When it comes to Chain of Responsibility (CoR) compliance, no one in the supply chain is ‘out of sight, out of mind’.
Authorities in NSW demonstrated this when they stopped a B-Double travelling in an unauthorised area in Mulgrave on the outskirts of Sydney.
Not only did it result in multiple knock-on penalties for the driver, but also two other businesses in the supply chain, while another business was put on notice.
“An inspection of the combination established it was carrying dangerous goods consisting of 24.4 tonnes of used lead acid batteries and 1,080 litres of flammable liquid adhesives,” NSW Police reported.
“Issues were identified relevant to the vehicle and load, which were rectified before the vehicle could continue.
“As a result of an investigation with the assistance of the NSW Environment Protection Authority, Police issued penalty notices to a number of parties involved in the transport of the dangerous goods.”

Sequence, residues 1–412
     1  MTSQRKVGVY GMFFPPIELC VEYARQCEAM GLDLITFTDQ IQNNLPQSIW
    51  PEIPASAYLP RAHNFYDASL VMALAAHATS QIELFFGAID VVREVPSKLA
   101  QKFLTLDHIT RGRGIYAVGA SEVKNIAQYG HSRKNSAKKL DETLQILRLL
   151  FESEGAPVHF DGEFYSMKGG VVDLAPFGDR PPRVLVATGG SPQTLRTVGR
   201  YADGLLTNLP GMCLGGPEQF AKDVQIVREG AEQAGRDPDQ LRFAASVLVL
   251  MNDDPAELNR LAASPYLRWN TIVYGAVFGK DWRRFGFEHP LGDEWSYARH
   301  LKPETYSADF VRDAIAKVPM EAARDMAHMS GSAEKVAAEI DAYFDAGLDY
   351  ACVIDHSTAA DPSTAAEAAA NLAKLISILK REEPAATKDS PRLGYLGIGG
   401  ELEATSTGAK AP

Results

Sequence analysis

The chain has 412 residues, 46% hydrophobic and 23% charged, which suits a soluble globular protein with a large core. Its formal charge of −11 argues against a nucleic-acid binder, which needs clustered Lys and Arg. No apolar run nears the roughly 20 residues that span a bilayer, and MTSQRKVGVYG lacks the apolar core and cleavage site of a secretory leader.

The three parties involved were issued the following penalties:
- A Victorian transport company was issued a $10,000 penalty for failing to ensure dangerous goods were transported safely.
- A recycling facility in Wollongong was issued a $4,000 penalty for employing a person for a task without adequate supervision.
- And the driver, a 58-year-old man from Victoria was issued with the following four penalties:
- Driving without a compliant emergency information holder – $260;
- Driving dangerous goods inappropriately placarded – $400;
- Driving a class 2 heavy vehicle not in accordance with authorisation – $674; and
- Not keeping a work diary as required – $674.
NSW Police reported that with the assistance of the NSW Environment Protection Authority, it is also working with a Victorian-based adhesives company to implement changes to its dangerous goods documents and procedures to ensure compliance.
“NSW Police and the NSW Environment Protection Authority will continue to monitor the involved companies and take action where appropriate,” it stated.
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